Southern African nations are reeling from a two-year drought which has affected over 40 million people.
Boreholes will be drilled at hospitals in Cape Town, a popular international tourist destination, a mobile desalination plant will be tested and the natural aquifer at Table mountain will be tapped.
Southern African nations are reeling from a two-year drought which has affected over 40 million people, according to UN figures, and was caused by the El Nino climate phenomenon.
"(Regional leader) Helen Zille has officially declared the Western Cape a disaster area in response to the current drought crisis -- the worst since 1904," the Western Cape government said in a statement.
"The disaster declaration will accelerate... the province's strategy to ensure that taps do not run dry," said Zille.
The disaster alert will last for three months and can be extended if the crisis persists, the statement said.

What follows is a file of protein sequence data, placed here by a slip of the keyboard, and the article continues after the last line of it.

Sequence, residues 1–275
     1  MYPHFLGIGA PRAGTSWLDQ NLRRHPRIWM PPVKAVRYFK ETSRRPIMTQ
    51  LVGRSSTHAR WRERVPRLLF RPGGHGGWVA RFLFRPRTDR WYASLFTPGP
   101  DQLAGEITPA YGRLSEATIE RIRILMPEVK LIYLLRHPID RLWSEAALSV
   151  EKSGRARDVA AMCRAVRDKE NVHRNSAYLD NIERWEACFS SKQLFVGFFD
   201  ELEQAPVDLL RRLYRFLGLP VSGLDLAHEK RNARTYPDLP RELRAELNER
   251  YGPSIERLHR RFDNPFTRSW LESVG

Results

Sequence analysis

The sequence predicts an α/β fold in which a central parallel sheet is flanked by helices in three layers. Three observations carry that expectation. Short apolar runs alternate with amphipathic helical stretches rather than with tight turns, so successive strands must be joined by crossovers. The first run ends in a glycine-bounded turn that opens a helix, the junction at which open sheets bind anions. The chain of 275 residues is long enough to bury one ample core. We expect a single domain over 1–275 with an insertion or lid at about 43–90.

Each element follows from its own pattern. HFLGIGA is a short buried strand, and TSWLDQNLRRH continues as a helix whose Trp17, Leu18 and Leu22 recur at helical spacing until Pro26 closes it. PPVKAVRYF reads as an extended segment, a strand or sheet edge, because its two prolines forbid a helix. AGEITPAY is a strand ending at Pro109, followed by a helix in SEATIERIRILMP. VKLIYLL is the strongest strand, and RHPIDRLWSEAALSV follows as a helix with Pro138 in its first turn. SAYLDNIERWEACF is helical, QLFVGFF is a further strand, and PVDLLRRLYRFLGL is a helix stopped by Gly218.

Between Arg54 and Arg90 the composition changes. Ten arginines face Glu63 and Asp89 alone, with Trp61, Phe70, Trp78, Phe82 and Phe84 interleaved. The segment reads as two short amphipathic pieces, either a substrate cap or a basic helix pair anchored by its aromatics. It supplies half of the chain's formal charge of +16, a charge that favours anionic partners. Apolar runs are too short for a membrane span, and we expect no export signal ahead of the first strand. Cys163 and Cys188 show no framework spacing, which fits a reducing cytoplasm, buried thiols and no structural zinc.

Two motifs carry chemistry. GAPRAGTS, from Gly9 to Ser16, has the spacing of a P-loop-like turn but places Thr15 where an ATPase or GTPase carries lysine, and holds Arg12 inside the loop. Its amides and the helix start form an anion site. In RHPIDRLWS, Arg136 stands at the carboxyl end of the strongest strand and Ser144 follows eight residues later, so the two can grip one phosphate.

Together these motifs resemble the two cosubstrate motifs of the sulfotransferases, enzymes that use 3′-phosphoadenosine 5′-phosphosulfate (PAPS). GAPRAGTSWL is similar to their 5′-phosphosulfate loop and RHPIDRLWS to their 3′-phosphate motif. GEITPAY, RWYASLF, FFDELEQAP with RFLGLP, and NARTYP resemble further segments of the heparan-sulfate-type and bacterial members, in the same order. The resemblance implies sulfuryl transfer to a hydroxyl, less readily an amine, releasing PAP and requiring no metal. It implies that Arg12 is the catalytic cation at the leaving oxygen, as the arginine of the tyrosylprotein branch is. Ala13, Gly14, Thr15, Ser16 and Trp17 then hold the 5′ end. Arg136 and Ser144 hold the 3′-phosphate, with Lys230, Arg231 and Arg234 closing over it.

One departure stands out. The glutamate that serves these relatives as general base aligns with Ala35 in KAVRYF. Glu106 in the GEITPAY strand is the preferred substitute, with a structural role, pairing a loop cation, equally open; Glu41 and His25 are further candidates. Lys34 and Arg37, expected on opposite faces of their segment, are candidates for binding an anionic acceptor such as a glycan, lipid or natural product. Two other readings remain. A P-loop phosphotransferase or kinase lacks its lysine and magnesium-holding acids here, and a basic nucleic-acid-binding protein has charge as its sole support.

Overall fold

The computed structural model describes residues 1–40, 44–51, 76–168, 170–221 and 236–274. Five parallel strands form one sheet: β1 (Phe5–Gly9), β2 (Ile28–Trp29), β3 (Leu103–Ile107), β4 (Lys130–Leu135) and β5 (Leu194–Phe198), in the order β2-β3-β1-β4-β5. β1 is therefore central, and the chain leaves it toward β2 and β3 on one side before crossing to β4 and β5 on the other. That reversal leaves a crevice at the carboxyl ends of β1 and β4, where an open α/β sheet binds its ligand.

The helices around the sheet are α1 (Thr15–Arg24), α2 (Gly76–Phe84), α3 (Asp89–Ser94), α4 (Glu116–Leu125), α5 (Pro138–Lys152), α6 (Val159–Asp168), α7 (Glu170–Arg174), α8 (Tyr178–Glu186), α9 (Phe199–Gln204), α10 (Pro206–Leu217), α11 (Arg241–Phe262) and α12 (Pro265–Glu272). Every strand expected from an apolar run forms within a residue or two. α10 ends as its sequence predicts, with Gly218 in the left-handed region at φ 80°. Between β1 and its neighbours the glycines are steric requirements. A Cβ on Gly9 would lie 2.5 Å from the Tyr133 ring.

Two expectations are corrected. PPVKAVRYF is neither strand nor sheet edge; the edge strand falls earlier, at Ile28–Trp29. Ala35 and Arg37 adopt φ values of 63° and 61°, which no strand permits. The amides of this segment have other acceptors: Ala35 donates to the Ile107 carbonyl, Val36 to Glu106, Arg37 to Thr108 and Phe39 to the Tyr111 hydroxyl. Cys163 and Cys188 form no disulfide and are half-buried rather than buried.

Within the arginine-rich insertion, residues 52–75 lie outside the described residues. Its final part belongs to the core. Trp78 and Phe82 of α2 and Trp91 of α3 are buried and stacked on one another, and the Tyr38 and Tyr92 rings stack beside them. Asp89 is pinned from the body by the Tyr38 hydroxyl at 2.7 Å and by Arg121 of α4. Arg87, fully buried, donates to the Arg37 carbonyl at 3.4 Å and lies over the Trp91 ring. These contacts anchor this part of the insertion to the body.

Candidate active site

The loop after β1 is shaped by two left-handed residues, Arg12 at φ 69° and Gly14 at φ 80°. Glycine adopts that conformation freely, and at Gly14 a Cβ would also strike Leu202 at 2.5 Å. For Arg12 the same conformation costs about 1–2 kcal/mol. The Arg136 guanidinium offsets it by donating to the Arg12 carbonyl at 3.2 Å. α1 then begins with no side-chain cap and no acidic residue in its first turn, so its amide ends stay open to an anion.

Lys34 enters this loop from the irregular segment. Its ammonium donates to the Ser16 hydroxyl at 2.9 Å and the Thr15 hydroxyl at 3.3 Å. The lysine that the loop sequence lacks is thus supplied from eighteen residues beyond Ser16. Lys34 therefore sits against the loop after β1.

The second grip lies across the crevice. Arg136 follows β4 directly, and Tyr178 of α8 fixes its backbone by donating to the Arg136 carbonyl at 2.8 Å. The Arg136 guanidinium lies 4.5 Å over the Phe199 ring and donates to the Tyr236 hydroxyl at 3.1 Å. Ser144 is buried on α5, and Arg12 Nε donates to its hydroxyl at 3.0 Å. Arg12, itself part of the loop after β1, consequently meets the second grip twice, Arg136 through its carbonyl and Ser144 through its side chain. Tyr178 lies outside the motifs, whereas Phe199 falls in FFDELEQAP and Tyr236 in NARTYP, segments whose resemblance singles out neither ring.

"Our government wishes to assure the public that the declaration is no cause to panic."
The declaration will mean that authorities in the region can prioritise public funds for drought relief operations.
Two reservoirs in the Western Cape region are already completely dry according to official statistics.
The Karoo and West Coast areas of the Western Cape previously declared drought disasters in 2016, but Monday's announcement extends the scope of those emergency measures to the entire province.
In February Cape Town announced a crackdown on splashing and surfer shorts at the city's swimming pools in a bid to save water.
It also called on residents not to use more than 100 litres (22 gallons) of water daily.